Guatemalan archaeologist Francisco Estrada-Belli, a professor at Tulane University’s Anthropology Department, and his team, unearthed a piece of history in the northern province of Peten. According to Guatemalan officials, the archaeologist found an “extraordinary” frieze dating back to 590 A.D. while exploring a pyramid traced back to Mayan civilization.
The frieze, a high-relief stucco sculpture, measures 26 feet by 6 feet, and includes what appears to be the image of gods and godlike rulers wearing rich ornaments of feathers and jade sitting on the heads of monsters. Another description gives the location as being on one side of a staircase tomb inside the pyramid, built by the later rulers of the site.
The color of the frieze is still intact and displays red paint with details in blue, yellow, and green. The monsters may have been three men wearing bird headdresses and jade jewels seated cross-legged over the head of a mountain spirit. This depiction is likely to represent the crowning of a new ruler. Running at the base of the structure is an inscription composed of approximately 30 glyphs in a band displaying the names of the rulers.
Although the text was difficult to read, Alex Tokovinine, an epigraphist at Harvard University and contributor to the research project at Holmul, was able to decipher it. The text reveals the building was commissioned by Ajwosaj who was king of “Snake Kingdom” Naranjo, the neighboring city-state, and vassal of the powerful Kaanul dynasty. David Stuart, an expert in Mayan epigraphy at the University of Texas at Austin, confirms the text to be accurate, and he deems Tokovinine’s translation “excellent.”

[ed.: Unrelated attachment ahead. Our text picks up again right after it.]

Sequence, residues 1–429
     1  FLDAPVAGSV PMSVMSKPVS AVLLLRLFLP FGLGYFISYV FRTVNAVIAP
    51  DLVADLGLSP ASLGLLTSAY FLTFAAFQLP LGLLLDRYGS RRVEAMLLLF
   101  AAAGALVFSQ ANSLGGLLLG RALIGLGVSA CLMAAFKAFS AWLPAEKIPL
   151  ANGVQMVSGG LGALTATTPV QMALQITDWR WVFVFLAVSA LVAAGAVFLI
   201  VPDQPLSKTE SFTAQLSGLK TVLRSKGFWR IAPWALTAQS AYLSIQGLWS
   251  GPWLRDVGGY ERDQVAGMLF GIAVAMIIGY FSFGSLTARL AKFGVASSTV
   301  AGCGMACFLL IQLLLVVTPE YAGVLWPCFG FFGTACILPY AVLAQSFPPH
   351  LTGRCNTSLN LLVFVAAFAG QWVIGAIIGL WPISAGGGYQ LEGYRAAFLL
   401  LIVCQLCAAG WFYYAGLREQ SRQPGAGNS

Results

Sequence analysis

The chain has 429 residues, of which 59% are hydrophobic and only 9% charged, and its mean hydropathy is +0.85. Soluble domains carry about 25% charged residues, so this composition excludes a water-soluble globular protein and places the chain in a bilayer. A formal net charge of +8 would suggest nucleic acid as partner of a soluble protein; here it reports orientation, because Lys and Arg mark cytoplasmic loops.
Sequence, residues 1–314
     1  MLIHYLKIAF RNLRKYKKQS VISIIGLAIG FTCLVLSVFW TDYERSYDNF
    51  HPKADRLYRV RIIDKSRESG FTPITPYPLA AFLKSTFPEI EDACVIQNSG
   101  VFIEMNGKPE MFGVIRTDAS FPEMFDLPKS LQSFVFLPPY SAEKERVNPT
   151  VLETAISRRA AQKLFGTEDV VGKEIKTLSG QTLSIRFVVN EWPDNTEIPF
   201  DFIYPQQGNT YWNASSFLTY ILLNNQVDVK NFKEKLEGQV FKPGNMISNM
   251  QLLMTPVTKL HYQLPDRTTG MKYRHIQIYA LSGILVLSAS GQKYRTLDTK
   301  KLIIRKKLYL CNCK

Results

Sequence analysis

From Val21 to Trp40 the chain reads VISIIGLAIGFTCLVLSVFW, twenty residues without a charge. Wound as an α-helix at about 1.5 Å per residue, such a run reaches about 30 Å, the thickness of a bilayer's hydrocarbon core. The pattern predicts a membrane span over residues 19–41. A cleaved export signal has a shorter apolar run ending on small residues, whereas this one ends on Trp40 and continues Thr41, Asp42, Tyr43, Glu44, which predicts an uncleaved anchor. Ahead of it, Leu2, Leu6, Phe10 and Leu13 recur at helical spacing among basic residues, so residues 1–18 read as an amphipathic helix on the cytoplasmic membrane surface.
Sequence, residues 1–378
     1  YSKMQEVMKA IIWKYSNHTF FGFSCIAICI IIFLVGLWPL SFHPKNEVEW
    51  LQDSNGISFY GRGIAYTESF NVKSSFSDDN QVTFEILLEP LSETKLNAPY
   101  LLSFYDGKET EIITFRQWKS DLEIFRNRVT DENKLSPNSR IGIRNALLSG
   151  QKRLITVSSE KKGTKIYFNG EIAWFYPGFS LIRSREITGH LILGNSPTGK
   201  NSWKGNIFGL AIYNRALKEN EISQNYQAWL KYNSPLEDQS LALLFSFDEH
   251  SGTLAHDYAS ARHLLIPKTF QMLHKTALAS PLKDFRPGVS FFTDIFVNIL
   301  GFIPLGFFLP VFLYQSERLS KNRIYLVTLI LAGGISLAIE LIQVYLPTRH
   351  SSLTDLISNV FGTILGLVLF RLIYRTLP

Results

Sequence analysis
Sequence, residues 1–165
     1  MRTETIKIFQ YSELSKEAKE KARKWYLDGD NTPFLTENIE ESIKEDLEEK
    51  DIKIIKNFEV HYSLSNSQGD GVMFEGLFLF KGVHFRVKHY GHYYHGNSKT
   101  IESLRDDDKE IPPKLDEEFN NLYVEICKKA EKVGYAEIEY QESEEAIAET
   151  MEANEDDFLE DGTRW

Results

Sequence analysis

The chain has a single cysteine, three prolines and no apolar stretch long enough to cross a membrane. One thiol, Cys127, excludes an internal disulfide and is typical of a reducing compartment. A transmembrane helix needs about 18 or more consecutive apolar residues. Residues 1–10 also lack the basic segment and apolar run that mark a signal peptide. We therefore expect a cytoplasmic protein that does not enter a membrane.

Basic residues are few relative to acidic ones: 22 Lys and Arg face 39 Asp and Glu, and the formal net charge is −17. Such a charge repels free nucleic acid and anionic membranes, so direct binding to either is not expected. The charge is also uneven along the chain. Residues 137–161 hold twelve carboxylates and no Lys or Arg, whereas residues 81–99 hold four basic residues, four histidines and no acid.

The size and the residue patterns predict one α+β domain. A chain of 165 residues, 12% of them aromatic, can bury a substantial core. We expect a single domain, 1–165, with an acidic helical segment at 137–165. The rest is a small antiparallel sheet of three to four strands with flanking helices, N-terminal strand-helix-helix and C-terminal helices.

Since Guatemalan government officials lay claim to the Mayan frieze found, Guatemalan President Otto Perez Molina presented the National Geographic Society with the Order of the Quetzal, Guatemala’s highest award. The National Geographic Society funded the excavation that led to the discovery.
Smaller—no less astonishing—news reveals that 40 miles west of the Mayan frieze’s discovery site, archaeologists found an inscribed standing stone, or stela, from the year 564. The stela describes the installation of a new king at that site, as well, which happened to be a crowning overseen by a female ruler from the Snake Kingdom. Olivia Navarro-Farr, archaeologist and member of the discovery team, suggests both of the findings show “the noose of power constricting around Tikal in the 6th Century.”
Further excavation reveals a tomb, dug into a stairway. Inside was the skeleton of a man whose front teeth were drilled and filled with jade beads surrounded by pots depicting the nine gods of the Maya underworld and other icons. “He was certainly a member of the ruling class,” Estrada-Belli affirms. Ironic details of the discovery were revealed by Estrada-Belli who told Guatemalan government officials that they were led to the startling find when he and his crew followed a trench that was originally excavated by would-be looters who dug in the wrong direction.
By: Kimberly Scott